November is National Adoption Month. The best way to understand the impact of adoption is to hear the stories of the people who have lived it. The stories below are from the perspectives of an adoptive parent and her daughter.
My husband and I were married nine years. For over five of those years, after finding out we could not have children of our own, we tried places to put our name in to adopt a child. We decided we wanted a child from the states. We were losing hope but we moved to a different city and our new neighbor told how we could go through the county services to adopt. This neighbor had adopted their boy. Our prayers were answered. In nine months our beautiful five-year-old daughter came to us, and two years later from the county services we were able to adopt a little two-year-old son. Our prayers were answered and our life complete.
Our beautiful young daughter had serious issues due to being both physically and sexually abused in her foster homes. No matter how much we told her we loved her and the years of therapy and counseling she turned to risky behavior: alcohol and drugs. Our son was also born to parents who abused drugs and alcohol but had different types of foster homes and was so much younger when he was adopted into our stable, loving home. Through the troubled times with his sister he was our strength.
When our daughter was nineteen years old she was pregnant and single. Little did we know that we would once again be adopting. This time our granddaughter, Amber. We raised her basically from the time she was born. Her birth mom, our daughter, still involved with risky behavior, drugs, and alcohol could not raise this beautiful baby. We wanted our granddaughter to have a stable life. When she was four and her mom still struggling, we started adoption proceedings. After a year of monthly court hearings the parents’ rights were terminated, and we succeeded in adopting. It felt like a death of one child to be able to protect another child. The day of adoption I cried for what had to happen. Shortly after the adoption of our granddaughter we moved from Michigan to Kentucky.
Life has gone on. Our first daughter is now a mother of three children who are very active in sports. She has been married to their dad for over fourteen years. We do not see them as often as some other grandparents do their grandchildren. Our son has been married for six years and has no children at this time. Our youngest daughter, Amber, just graduated from the University of Indianapolis where she received a four-year full scholarship to swim there. She lives in Indianapolis and has a good job. We text or talk to each other every day. She has kept us young.
If we knew what our lives would have been like with all the sorrow and hardship that we faced, would we have adopted? The answer is a definite YES! We could not have children of our own, but we feel that these three children were a gift from God for us to love, protect, and just do the best that we could for each one of them. Our love is strong. We have never said that they were adopted but a precious wonderful gift. We learned from every experience that we have had with our children. We may ask God why at times, but he has shown us why we experienced everything that we have. My husband worked after retirement with the school system as an outreach worker working with troubled children. We started a relative caregiver support group in 1998 which is still active. I advocate for children and relative caregivers and am involved with local and national organizations. If we had never taken the first steps to adopt, if we gave up on a child that cried out for help, if we never decided to raise our granddaughter we would have never experience what God had in store for us. We are blessed. Raising children is the hardest but most rewarding experience in one’s life, whether they are your natural or adopted children. Life would not be as rewarding for us if we had not adopted these children.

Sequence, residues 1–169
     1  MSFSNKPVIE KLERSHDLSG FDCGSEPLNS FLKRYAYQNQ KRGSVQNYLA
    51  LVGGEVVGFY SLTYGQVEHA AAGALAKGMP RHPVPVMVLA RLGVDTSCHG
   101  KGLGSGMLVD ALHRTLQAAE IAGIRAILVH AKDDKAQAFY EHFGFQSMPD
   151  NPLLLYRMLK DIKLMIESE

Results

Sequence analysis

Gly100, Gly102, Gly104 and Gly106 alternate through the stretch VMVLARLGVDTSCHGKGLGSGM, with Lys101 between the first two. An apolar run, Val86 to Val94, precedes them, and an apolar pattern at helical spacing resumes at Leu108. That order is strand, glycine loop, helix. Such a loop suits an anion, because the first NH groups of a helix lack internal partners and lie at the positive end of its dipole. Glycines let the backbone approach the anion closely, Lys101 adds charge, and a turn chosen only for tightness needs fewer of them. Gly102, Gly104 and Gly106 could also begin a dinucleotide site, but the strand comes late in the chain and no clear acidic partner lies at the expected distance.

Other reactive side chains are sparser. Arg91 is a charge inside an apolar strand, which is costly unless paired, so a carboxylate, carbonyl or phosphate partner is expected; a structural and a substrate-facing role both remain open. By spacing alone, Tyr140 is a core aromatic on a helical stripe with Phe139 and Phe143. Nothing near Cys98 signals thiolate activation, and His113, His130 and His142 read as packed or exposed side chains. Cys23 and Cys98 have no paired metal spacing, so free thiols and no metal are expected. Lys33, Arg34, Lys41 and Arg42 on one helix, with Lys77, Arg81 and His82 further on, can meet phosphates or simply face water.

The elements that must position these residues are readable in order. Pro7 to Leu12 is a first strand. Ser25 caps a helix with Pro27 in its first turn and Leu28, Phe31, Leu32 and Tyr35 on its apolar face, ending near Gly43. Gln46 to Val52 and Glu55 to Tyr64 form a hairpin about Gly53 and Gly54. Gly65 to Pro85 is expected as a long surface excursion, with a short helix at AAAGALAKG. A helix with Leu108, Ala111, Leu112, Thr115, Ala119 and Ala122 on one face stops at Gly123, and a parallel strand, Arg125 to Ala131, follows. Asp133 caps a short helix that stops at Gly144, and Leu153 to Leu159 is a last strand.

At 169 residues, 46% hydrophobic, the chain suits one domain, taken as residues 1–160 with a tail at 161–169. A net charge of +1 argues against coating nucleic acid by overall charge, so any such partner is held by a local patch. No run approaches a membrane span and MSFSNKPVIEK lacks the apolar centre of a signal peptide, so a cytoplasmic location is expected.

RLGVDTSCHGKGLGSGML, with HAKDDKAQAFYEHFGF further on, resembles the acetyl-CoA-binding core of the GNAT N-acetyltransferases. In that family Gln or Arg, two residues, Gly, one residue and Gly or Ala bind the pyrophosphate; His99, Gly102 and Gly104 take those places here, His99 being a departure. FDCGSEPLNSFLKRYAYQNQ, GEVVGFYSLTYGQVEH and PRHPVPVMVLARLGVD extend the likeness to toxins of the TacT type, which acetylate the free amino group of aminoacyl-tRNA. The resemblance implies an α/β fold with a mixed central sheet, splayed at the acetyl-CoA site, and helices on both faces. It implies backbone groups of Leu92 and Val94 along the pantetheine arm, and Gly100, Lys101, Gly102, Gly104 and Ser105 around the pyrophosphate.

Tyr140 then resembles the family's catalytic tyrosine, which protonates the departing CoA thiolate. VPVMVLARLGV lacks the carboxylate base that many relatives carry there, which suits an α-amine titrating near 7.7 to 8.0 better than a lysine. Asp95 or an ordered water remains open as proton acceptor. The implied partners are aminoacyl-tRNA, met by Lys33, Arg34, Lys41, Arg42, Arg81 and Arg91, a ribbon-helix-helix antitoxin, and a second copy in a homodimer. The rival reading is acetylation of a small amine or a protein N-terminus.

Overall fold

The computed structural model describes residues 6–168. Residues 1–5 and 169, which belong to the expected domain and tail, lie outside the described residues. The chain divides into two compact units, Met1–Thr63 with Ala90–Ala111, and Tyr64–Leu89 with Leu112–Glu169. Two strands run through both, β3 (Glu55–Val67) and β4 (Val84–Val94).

I’ve known for most of my life that I was adopted. In all honesty I can’t even remember when I was told, but I am perfectly happy with it! I don’t believe that being related to someone by blood necessarily makes you family. My parents took me in when the person who gave birth to me couldn’t take care of me. They gave me a second chance to have someone there for me and gave me the love that every child deserves. Our relationship is that of any person whose parents are their biological parents, and I have never thought of it any differently. Although I was adopted by my grandparents and know who my biological parents are, I chose to keep them out of my life. Things happened for a reason in the past to put me with the family I am with now and I wouldn’t trade them for the world. I feel lucky that I ended up with the parents I did. They love me unconditionally, push me to be better, and are always there when I need them. If I hadn’t been adopted I don’t think that I would have any of that. I believe adoption is a second chance for a better and more fulfilling life.
Learn more about becoming an adoptive or foster parent:
Foster care: http://chfs.ky.gov/dcbs/dpp/fostercare.htm
For those who are kinship caregivers or who know kinship caregivers: http://kinshipky.org/